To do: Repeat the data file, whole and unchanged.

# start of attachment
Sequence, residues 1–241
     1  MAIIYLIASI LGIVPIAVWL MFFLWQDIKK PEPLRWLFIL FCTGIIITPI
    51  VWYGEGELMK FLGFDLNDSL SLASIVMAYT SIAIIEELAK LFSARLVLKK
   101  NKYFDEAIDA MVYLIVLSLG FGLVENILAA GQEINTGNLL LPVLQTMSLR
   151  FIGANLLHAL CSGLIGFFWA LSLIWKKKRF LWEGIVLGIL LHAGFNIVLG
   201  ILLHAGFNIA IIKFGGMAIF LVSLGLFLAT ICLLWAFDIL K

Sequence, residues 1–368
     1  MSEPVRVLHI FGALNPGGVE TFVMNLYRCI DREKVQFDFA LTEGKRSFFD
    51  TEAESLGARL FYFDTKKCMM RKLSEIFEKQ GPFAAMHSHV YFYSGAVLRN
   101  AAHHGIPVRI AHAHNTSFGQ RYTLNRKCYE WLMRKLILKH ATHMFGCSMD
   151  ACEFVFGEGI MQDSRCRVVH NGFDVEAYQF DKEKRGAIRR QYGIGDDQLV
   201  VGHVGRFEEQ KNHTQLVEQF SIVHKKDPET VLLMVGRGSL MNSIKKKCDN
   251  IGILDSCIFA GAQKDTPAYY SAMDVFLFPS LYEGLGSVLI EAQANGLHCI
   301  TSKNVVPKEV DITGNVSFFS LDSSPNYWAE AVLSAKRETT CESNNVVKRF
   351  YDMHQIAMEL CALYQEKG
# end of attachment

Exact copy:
Sequence, residues 1–241
     1  MAIIYLIASI LGIVPIAVWL MFFLWQDIKK PEPLRWLFIL FCTGIIITPI
    51  VWYGEGELMK FLGFDLNDSL SLASIVMAYT SIAIIEELAK LFSARLVLKK
   101  NKYFDEAIDA MVYLIVLSLG FGLVENILAA GQEINTGNLL LPVLQTMSLR
   151  FIGANLLHAL CSGLIGFFWA LSLIWKKKRF LWEGIVLGIL LHAGFNIVLG
   201  ILLHAGFNIA IIKFGGMAIF LVSLGLFLAT ICLLWAFDIL K

Sequence, residues 1–368
     1  MSEPVRVLHI FGALNPGGVE TFVMNLYRCI DREKVQFDFA LTEGKRSFFD
    51  TEAESLGARL FYFDTKKCMM RKLSEIFEKQ GPFAAMHSHV YFYSGAVLRN
   101  AAHHGIPVRI AHAHNTSFGQ RYTLNRKCYE WLMRKLILKH ATHMFGCSMD
   151  ACEFVFGEGI MQDSRCRVVH NGFDVEAYQF DKEKRGAIRR QYGIGDDQLV
   201  VGHVGRFEEQ KNHTQLVEQF SIVHKKDPET VLLMVGRGSL MNSIKKKCDN
   251  IGILDSCIFA GAQKDTPAYY SAMDVFLFPS LYEGLGSVLI EAQANGLHCI
   301  TSKNVVPKEV DITGNVSFFS LDSSPNYWAE AVLSAKRETT CESNNVVKRF
   351  YDMHQIAMEL CALYQEKG